Georgia Election, Oil Inventory, Fed Speeches: 3 Things to Watch

Georgia Election, Oil Inventory, Fed Speeches: 3 Things to Watch

© Reuters.  © Reuters.

By Liz Moyer — After reaching all-time highs at the close of 2020, stocks dropped on the first day of trading in the new year on concerns about a runoff election in Georgia that will determine the balance of power in the Senate.

If Republicans retain their majority, President-elect Joe Biden could have a more difficult time getting additional stimulus and an ambitious clean energy program through Congressional approval.

If Democrats take control, higher taxes could result, but stimulus also is widely expected.

Investors are also awaiting the first batch of corporate earnings reports for the fourth quarter, which could show the level of economic progress made in the last three months of 2020 after a harrowing drop in the second and third quarters because of pandemic restrictions.

Here are three things that could affect markets tomorrow.

1. Georgia on our minds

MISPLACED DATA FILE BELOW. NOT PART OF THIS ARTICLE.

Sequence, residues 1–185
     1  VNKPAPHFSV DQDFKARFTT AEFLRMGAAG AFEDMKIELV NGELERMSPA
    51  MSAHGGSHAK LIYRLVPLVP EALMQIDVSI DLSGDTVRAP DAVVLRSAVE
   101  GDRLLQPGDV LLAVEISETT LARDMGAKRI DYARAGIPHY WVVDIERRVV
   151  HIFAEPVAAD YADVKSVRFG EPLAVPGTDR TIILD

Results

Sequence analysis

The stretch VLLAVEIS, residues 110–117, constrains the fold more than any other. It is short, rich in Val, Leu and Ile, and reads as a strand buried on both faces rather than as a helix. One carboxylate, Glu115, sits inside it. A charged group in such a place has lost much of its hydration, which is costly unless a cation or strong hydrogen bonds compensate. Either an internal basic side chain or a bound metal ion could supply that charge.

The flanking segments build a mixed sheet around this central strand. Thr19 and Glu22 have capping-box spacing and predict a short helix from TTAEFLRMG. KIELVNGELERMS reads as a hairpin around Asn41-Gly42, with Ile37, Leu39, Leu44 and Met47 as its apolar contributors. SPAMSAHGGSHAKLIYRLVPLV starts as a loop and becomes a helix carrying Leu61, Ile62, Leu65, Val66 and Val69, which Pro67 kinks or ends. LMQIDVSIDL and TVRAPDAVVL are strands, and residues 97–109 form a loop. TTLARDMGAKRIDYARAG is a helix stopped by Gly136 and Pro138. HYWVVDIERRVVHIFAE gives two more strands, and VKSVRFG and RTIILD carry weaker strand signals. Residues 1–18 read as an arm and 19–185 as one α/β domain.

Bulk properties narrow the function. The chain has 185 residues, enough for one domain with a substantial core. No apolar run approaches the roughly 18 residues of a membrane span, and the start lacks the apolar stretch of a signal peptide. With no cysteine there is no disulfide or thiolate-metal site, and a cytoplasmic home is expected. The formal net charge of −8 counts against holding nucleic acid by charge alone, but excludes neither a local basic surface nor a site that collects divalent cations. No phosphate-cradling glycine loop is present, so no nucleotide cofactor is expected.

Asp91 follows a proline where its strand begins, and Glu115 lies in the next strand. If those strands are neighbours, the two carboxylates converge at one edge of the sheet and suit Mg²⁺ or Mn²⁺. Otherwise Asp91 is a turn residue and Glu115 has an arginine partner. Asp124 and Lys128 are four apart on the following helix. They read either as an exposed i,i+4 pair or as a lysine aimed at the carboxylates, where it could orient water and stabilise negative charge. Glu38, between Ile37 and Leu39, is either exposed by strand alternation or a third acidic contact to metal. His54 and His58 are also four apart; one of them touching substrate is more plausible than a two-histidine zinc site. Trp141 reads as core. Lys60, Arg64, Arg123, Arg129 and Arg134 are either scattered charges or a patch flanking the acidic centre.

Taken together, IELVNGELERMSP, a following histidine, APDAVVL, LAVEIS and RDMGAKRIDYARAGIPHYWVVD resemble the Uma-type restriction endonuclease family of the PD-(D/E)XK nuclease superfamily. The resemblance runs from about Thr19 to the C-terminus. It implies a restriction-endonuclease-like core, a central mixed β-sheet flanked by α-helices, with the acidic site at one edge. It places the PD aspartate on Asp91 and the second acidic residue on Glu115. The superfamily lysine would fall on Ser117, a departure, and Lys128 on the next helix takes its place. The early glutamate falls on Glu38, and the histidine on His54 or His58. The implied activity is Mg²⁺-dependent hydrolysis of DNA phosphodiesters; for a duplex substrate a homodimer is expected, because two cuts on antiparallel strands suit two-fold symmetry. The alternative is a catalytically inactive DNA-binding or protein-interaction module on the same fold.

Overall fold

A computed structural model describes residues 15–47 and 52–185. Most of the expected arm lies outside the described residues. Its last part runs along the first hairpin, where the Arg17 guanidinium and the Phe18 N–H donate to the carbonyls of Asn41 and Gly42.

Investors will be watching Georgia voters make their decisions in two runoff elections for the U.S. Senate. The outcome could tip the balance of power to Democrats and give incoming President-elect Joe Biden a chance to push big energy and infrastructure spending.

As of Monday afternoon, the races were extremely tight. Fivethirtyeight, the polling site, has Democrat Jon Ossoff beating incumbent David Perdue by less than two percentage points, while Democrat Rev. Raphael Warnock was ahead of Kelly Loeffler by slightly more than two percentage points.

2. Oil inventories

Last year was the worst for oil investors, as crude prices tumbled 21%. They began 2021 on a sour note as well, hampered by worries about rising production even as new lockdowns mean demand won’t come roaring back soon.

Late Tuesday, the industry will release its weekly estimate for crude inventories, a rough proxy of the amount of demand in the market. Rising inventory could indicate falling demand. The market expects the data to show a draw of 4.8 million barrels when the numbers come out at 4:30 PM ET (2030 GMT).

3. Fed speakers

A couple of officials from the Federal Reserve are scheduled for speeches on Tuesday, a day before the central bank issues the minutes of its last meeting of 2020.

Chicago Fed President Charles Evans is scheduled to appear in a virtual meeting 3:45 PM ET (1745 GMT) to talk about the Fed’s actions during the economic crisis created by the pandemic. New York Fed President John Williams (NYSE:WMB) is expected to speak around the same time about the nexus of monetary and fiscal policy during a low interest rate environment.

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